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Mosaic: Reporting as a foundation for solid performance
14 November 2017
GRI Impact Stories are short interviews with representatives from companies that are using the GRI reporting framework to create tangible benefits for their business and stakeholders.

​GRI GOLD Community member Mosaic is a crop nutrition products company and one of the world’s largest producers and marketers of concentrated phosphate and potash. We spoke with Natali Archibee, Senior Sustainability Specialist at The Mosaic Company, who told us examples of how sustainability reporting leads to better performance.
Natali Archibee: The release of Mosaic’s 2010 sustainability report marked the beginning of our company’s sustainability reporting efforts. The disclosure and the increased accountability that inevitably came with it, helped define our path forward. Reporting and transparency have been integral parts of our sustainability journey, but we view them as a foundation for what’s most important: solid performance.

The process of sustainability reporting requires a company to engage stakeholders, dig deep on issues, hone its strategy, act pointedly, and contribute meaningfully to society. Our contributions come in many forms: supplying crop nutrient products for farmers to grow crops; reclaiming mined lands for wildlife and people; recycling water; generating virtually emissions-free electricity through a process called cogeneration; and building partnerships and investing in the communities where we operate. Though we’ve come a long way since 2010, our journey is far from over – we continuously evaluate what it means to be a good employer, supplier, neighbor, and value creator for our shareholders, and reporting helps us with that.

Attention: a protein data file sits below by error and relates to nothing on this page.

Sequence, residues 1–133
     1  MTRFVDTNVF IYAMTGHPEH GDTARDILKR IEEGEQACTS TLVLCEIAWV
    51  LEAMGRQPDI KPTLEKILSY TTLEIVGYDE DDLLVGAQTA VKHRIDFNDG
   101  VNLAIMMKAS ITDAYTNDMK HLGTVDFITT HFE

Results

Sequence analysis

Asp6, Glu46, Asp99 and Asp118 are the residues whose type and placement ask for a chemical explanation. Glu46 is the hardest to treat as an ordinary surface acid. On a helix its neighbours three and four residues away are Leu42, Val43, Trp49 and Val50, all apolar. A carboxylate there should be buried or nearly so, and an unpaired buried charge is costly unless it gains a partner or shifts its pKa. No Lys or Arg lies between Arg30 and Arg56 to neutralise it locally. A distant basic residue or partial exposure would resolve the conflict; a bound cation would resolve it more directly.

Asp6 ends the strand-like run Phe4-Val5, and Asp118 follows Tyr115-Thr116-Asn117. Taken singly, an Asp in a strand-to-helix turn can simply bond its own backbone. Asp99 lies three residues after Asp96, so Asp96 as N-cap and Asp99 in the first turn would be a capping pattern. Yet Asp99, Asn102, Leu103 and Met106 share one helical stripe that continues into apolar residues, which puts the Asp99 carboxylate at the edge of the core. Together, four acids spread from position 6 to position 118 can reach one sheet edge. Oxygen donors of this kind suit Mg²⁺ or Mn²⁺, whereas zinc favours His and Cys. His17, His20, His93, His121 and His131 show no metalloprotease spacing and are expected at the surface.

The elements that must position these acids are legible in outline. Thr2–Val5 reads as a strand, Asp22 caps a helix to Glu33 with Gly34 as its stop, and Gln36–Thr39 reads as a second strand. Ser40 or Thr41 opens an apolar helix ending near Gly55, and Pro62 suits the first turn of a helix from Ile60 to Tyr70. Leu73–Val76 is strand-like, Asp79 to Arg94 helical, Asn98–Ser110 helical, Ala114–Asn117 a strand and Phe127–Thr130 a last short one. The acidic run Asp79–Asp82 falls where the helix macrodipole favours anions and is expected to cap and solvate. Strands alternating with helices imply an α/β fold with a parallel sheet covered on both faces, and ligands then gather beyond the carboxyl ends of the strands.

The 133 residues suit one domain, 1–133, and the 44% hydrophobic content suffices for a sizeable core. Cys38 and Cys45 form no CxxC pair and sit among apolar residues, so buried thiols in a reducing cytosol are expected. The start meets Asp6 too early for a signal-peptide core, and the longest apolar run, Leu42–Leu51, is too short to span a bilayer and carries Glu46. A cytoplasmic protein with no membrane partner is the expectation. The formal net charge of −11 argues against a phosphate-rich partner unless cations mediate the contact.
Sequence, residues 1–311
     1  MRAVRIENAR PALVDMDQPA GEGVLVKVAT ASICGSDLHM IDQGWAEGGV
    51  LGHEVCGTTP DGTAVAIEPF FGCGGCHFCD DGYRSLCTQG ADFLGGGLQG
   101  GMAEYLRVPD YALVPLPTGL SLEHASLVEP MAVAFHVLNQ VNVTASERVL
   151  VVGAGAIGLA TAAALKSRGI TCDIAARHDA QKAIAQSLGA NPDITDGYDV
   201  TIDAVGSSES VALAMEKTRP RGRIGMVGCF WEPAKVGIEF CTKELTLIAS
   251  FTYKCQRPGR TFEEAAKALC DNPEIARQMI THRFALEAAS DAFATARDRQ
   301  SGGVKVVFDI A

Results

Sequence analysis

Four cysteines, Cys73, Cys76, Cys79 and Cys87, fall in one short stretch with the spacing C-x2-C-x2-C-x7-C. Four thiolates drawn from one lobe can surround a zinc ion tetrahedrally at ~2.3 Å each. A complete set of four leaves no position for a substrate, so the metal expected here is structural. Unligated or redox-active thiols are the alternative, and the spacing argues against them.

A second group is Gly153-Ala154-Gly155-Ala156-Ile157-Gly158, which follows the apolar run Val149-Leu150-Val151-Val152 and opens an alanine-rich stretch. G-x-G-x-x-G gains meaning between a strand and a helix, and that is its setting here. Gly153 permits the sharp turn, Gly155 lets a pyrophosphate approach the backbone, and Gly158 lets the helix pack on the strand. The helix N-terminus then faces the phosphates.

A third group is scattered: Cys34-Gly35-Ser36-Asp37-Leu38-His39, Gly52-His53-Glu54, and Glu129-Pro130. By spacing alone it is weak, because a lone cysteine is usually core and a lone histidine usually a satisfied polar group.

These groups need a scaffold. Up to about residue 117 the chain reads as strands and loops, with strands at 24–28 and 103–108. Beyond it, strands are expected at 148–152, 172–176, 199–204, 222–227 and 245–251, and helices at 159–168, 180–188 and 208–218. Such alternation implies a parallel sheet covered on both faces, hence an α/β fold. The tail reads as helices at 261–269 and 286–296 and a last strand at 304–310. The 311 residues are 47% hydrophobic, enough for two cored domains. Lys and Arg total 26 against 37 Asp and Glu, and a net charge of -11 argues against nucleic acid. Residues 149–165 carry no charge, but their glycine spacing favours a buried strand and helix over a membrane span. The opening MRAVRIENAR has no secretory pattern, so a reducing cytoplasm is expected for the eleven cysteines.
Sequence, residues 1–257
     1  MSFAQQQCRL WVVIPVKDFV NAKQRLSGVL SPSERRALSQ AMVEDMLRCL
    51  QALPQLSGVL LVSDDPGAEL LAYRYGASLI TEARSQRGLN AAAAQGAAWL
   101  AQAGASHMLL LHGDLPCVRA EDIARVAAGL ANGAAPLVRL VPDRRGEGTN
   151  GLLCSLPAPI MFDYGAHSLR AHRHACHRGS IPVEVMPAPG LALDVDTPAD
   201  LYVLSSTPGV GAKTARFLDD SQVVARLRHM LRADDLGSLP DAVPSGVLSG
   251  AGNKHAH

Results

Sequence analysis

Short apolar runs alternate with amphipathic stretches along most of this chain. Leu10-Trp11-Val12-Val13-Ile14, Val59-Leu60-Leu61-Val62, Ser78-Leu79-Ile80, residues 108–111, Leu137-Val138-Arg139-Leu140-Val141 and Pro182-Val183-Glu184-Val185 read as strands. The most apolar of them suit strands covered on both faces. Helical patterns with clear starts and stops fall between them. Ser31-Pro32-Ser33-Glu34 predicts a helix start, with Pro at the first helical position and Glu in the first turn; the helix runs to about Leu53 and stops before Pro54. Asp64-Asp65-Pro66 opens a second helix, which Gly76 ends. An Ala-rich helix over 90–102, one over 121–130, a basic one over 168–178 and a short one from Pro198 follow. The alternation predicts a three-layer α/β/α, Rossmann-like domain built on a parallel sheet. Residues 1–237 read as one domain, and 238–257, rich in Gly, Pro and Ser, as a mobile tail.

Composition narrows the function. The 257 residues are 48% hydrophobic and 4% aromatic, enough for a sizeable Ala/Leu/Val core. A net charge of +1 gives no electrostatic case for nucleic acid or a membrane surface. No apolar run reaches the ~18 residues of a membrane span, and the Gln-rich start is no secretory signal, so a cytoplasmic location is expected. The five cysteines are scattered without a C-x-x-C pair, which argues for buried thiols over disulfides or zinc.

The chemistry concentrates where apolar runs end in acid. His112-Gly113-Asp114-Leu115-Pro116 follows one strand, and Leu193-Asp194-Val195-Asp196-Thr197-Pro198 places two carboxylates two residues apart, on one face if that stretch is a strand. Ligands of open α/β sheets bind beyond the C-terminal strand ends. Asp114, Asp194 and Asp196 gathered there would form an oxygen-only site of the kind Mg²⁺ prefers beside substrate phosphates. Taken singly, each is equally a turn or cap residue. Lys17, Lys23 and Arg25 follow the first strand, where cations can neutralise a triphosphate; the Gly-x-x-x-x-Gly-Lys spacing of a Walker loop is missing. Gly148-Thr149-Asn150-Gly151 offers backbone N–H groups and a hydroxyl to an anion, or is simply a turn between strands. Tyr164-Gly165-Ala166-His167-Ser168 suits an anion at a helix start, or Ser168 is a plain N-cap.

The GRI reporting framework has been a great way for us to gather comprehensive information from our internal stakeholders for a variety of other reporting purposes – so in that way, our annual collection of information for our GRI report, albeit a daunting task, serves us all year long.  

What sustainability topics are most relevant for Mosaic and its stakeholders?

There are many obvious topics that are relevant for companies like Mosaic: economic performance; water and greenhouse gas emissions; and biodiversity and waste. Other relevant topics include local spending and hiring; innovation; and the environmental impacts of our supply chain. Topics that cover impacts outside our four walls are becoming increasingly important, so over the last several years we’ve continuously improved our reporting of impacts in our supply chain to include additional emissions sources associated with purchased goods and services as well as upstream and downstream transportation. Reporting these impacts has allowed us to understand them, and to focus our engagement efforts where they count the most.

Mosaic has a large labor force spread across the world. How is sustainability reporting helping the company do a better job of managing its workforce?

Our experience has been that reporting leads to better performance. The more you talk about something and measure progress, the more it becomes a part of your culture and everyday routine – and the more employees rally around the issue, across diverse roles, geographies and operating segments.